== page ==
Secondly politicians are not interested in legislation that is not a vote-winner. There is a huge stakeholder group that is often forgotten, wives and girlfriends. Mostly they don't like pornography but accept it as inevitable. But again for most of them I suspect the line in the sand would be a legalisation of prostitution and its implied moral validity. I think male MP's would be terrified of alienating their female constituents. When homosexuality was legalised I don't think that there was a large stakeholder group that saw legalisation as directly contrary to their own interests. Which is why this time is different.

I believe that the best we can hope for is a continuation of existing arrangements.

Sadly, I think you're right. :(

Looking at it from a purely political point of view, wouldn't you think some bright spark would click on to the fact that decriminalisation and regulation would lead to a rise in revenue for the government, given that there are ( as a conservative estimate ) 80,000 sex workers in the UK ?

*sigh*

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I was interested in a comment by Bert ;

It's less than 45 years ago that homosexuality was an imprisonable offence. Today we have same sex marriages. Where will we be in another 45 years ?

... and my question is this. Since homosexuality has now come full circle in terms of acceptance in the minds of MOST people, but more importantly, since ( as a minority group ) homosexuals now attract the protection of the law rather than persecution, when do you forsee the same happening in relation to prostitutes/ sex workers, if ever ?

Is it a chicken and egg question ? Which comes first, legal change or a change in our "moral code" which will reduce the stigma and marginalisation ?

Change in moral code comes first. You need a new generation of people to grow up with the idea that prostitution is completely normal, and for a previous generation which thinks it is abhorrent to depart this mortal coil. Once the generations thinking it is acceptable start outnumbering the generations that think it is abhorrent, then you can start thinking about laws being changed.

It certainly won't be led by MPs. As Smiths points out, some people in power used to be homosexual themselves when it was illegal. I'm not sure this can be directly compared to prostitution, unless there are a lot of female MPs with big skeletons in their cupboard! MPs and others in power already make use of WGs, generally without problem, so there's no real need for them to risk their popularity (if you can call it that!) by trying to be a trailblazer for the sex industry. Personally, I think it will be people like Charlie Sheen who lead the way for the public to be more accepting of WGs. There is still that stigma attached to men who use WGs, that they can't get sex normally so they have to pay for it. This isn't really an accusation you can level at Charlie Sheen. Everyone knows there are many more like Sheen who use escorts, and once they start being more open about doing so, then people's perception of the industry can perhaps change. Of course, it doesn't help when you get unprofessional WGs who shag footballers and then sell their stories to the Sun, although perhaps if enough of them do it, then people will start to think "if it's okay for footballers, it's okay for me."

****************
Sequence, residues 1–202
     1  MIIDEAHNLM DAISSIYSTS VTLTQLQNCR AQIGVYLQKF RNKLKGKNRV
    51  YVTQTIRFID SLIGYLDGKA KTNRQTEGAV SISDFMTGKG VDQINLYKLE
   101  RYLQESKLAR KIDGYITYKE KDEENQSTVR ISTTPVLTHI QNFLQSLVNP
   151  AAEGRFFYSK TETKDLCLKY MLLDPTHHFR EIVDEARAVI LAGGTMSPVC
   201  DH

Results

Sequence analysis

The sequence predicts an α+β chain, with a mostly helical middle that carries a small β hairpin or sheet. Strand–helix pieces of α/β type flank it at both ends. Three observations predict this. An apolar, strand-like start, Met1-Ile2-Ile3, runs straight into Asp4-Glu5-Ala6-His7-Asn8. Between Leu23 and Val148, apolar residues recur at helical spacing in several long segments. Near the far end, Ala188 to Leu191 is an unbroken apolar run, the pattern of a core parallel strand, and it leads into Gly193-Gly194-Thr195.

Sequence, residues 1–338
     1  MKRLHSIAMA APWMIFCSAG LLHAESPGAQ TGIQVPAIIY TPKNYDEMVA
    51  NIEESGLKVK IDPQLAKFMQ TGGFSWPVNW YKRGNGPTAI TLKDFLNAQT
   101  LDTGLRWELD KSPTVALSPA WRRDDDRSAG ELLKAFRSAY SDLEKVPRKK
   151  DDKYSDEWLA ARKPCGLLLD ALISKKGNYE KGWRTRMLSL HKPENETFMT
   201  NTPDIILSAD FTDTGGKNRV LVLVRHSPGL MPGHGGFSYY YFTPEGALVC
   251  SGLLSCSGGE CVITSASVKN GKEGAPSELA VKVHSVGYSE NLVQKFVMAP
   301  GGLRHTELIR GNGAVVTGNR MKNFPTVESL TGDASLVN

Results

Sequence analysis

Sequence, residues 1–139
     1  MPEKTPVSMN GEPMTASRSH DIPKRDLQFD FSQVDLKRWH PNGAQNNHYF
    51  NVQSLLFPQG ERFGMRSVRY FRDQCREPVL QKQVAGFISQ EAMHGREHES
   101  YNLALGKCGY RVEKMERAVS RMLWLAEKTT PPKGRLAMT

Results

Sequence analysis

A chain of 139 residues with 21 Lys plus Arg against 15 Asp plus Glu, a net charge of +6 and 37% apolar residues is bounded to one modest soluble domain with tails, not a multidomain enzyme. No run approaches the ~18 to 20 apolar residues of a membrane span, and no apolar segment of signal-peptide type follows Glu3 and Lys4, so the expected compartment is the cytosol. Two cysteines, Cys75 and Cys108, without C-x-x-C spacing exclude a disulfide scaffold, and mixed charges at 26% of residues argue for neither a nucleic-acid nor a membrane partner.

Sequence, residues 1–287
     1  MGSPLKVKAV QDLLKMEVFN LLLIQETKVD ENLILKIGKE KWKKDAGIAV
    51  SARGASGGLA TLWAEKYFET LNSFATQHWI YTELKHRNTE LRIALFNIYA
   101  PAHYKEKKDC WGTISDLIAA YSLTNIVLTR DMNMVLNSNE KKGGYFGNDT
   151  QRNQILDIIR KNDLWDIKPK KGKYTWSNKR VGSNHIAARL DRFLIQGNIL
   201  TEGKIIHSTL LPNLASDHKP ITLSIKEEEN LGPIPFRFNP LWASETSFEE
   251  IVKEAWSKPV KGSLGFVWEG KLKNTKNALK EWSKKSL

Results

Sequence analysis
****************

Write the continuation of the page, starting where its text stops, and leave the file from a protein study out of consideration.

But that's just the male shame side of it. As previously mentioned, we also need the public to understand that WGs are not all junkies. Stuff like Secret Diary of a Call Girl and all that are perhaps starting the path towards this. Maybe a big film about someone like Heidi Fleiss's career would help too, if done tastefully. Perhaps eventually young girls will go from wanting to be a WAG to wanting to become a WG. I suppose it depends on how far we want public opinion to go - do we want people to look at prostitution as just another job, or do we just want it to go far enough to be as acceptable as using pornography or going to a strip club?

As long as lies keep getting peddled by religious groups and "feminists" like Julie Bindel, it'll be an uphill struggle. The sex industry needs a champion, a popular face for people to rally behind.

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I would suppor a change, but can hardly canvas my MP on this because explaining to mrs CP why I am campaigning on this subject would not be good. so I keep schtumm.

I wrote to my MP on the subject from my trouncer email account and had a sensible response, though I would hardly expect him to take up the cudgels.

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A tacit acceptance of the reality of prostitution and with it legislation to enable sex workers operate more safely.I'm not sure I will see this in my lifetime for a two reasons.

Firstly the range of special interest groups bitterly opposed to this, an unholy alliance of religious fundamentalists and radfems.

Secondly politicians are not interested in legislation that is not a vote-winner. There is a huge stakeholder group that is often forgotten, wives and girlfriends. Mostly they don't like pornography but accept it as inevitable. But again for most of them I suspect the line in the sand would be a legalisation of prostitution and its implied moral validity. I think male MP's would be terrified of alienating their female constituents. When homosexuality was legalised I don't think that there was a large stakeholder group that saw legalisation as directly contrary to their own interests. Which is why this time is different.

I believe that the best we can hope for is a continuation of existing arrangements.

Excellent post and sadly how i see the future also. Following on from your continuation of existing arrangements comment that is the best we can hope for at present i also believe and the positive to the present set-up is police discretion in certain areas dependent on any given areas top cop responsible for the area. I know that discretion could change in an instant but it could be we were in a situation of no tolerance zones everywhere instead of some areas. As it is at least some brothels operate and punters get to be able to go to them. Better than nothing but not as it should be of course which is legalised brothels in my view. :)